inner join reg_mp_dates mpd
on ms.district = mpd.district
and ms.building = mpd.building
and ms.school_year = mpd.school_year
and ms.track = mpd.track
and msmp.marking_period = mpd.marking_period
and a.due_date between mpd.start_date and mpd.end_date
WHERE ms.district = @district
and ms.school_year = @school_year
and msmp.marking_period = @marking_period
and a.extra_credit in ('A','T')
20X seems to be a fairly normal rate of spam based on what I've seen at the organizations I've worked for, with spikes up to about 40X.
There's only there's only 12 million of them in existence. Even at US$1000 per bitcoin, that's not enough value to be mainstream.
Hey, look! A study that doesn't conform to the common narrative that STEM is the be-all-end-all! Let's rip it to shreds with our flawed understanding of how testing works, our limited understanding of sociology, our complete lack of understanding about education, and completely ignore the fact that this study was performed by people who have dedicated their lives to doing this sort of thing and then peer reviewed and published by people who have also spent their lives doing that sort of thing.
But sure, our layman-level understanding and knowledge of phrases like correlation vs causation, reproducibility, and falsifiable and ability to trivialize findings by "selectively" quoting out of "context" completely is enough to totally invalidate any study, particularly when we only attack the news article about the study itself!
I also had no problem with IBM DeathStars. I had two of them that worked for 6-7 years until I retired them for being too small and parallel ATA. One of my roommates in school, however, had 4 of the things go in the course of 3 months. It was particularly bad because two were in a RAID 1, one was his backup drive, and the last one was a cold spare. I think the only reason he didn't lose his data was because he also burned everything important to CD, but he did lose some trivial data (Diablo 2 and Morrowind saved games). Yeah... he was pretty paranoid about disk failure and this just made it worse. Last I knew he was looking for RAID 6 controllers from decommissioned servers.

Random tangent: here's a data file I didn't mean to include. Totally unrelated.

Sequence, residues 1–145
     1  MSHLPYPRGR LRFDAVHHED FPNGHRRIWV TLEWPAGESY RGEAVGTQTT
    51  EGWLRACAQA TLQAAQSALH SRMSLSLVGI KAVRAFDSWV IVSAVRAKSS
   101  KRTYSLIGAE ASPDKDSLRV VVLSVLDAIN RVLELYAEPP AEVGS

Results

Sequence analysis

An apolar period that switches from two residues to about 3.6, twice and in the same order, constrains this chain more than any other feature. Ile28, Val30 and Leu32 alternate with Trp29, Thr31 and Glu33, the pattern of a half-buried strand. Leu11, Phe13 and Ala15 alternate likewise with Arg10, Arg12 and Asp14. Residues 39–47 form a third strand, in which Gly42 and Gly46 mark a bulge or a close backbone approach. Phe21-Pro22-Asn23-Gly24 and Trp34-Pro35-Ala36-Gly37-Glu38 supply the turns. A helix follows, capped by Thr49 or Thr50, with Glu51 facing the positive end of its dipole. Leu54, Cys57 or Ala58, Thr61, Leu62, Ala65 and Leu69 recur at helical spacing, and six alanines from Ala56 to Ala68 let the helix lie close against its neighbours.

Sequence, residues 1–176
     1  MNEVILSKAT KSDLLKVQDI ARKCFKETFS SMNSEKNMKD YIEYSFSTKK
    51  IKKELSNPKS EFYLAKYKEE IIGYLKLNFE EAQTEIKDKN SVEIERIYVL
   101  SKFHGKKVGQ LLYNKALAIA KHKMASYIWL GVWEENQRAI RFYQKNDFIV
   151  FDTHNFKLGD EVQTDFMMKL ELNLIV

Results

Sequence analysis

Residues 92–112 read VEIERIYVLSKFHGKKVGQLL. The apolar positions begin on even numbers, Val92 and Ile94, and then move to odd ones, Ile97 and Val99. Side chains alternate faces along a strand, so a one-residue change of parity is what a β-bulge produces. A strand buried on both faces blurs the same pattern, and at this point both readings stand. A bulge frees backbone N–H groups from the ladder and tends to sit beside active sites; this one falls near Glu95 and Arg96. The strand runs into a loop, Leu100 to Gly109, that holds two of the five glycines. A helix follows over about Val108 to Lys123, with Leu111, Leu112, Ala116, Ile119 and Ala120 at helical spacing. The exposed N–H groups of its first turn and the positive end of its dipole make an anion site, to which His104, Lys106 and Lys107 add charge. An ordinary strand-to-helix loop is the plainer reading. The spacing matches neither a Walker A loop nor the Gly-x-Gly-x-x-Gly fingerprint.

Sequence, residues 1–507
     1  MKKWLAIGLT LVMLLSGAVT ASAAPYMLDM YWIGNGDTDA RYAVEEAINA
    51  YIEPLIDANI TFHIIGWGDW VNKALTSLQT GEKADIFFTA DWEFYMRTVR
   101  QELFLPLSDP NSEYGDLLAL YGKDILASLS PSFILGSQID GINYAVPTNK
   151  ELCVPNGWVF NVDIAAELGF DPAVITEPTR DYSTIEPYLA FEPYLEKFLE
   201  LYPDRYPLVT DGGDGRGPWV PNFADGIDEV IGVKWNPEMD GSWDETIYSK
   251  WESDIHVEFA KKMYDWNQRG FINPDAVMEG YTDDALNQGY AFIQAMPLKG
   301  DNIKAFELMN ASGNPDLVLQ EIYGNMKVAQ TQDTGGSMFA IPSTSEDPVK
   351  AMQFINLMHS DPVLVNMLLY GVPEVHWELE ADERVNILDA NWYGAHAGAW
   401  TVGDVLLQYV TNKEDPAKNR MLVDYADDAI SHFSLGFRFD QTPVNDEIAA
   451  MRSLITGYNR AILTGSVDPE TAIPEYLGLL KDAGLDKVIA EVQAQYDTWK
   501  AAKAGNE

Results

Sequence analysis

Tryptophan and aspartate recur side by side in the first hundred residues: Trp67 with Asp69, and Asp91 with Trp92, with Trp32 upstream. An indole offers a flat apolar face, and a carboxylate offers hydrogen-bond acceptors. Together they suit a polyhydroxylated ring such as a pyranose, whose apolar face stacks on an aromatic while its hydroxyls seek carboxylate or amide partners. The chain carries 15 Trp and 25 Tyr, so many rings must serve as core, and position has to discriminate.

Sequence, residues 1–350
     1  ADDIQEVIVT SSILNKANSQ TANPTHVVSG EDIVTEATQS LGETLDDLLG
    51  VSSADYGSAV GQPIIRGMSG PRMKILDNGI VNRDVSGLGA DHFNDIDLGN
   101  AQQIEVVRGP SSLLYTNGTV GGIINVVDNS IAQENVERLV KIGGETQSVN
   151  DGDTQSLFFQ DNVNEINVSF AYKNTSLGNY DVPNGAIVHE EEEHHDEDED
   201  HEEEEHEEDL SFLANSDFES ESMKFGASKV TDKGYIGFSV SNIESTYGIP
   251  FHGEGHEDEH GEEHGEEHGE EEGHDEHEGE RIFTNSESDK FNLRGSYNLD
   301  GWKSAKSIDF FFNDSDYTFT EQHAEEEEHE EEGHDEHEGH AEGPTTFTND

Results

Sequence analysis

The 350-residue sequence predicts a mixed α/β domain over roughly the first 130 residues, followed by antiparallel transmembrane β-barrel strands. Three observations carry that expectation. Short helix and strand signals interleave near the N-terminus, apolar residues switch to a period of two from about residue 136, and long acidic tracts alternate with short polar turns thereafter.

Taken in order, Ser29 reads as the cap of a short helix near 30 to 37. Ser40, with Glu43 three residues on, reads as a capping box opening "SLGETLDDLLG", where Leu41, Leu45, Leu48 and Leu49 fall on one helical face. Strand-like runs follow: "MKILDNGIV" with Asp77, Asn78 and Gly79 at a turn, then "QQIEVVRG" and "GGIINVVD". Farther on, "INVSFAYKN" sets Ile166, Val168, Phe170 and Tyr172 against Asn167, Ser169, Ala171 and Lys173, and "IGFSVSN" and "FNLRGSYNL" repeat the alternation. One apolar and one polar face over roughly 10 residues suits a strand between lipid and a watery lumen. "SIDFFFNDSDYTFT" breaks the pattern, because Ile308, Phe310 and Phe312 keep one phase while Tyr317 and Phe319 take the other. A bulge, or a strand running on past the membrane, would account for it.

If solar is doing so great then why does it need subsidies?
If there are no subsidies, exactly how do you expect Republicans to continue encouraging bribes^W lobbyist leverage^W^W campaign contributions^W^W job creators?!
Surprise, and comedy.
The Internet was created as a means to make national data networks necessary for national defense resistant to damage caused by war. Specifically, catastrophic wars such as nuclear war. That's why funding originated with DARPA. It was a defense project, much like GPS and the interstate road system.
And that's how things ought to stand for everything — except the handful of things the government is explicitly charged with under the Constitution: defense and law-enforcement.
Except that's not what the Constitution says:
"The Congress shall have Power To lay and collect Taxes, Duties, Imposts and Excises, to pay the Debts and provide for the common Defence and general Welfare of the United States;" -- Article I, Section 8, Clause 1
You might disagree with the general welfare clause or the interpretation the SCotUS made in 1936's United States v. Butler, but that certainly doesn't mean it's not a granted power in the Constitution now backed by judicial precedent.
No need to do that, either. Just kill the people in line at the security stations. Why kill one plane worth of people when you can kill 20 planes worth even easier?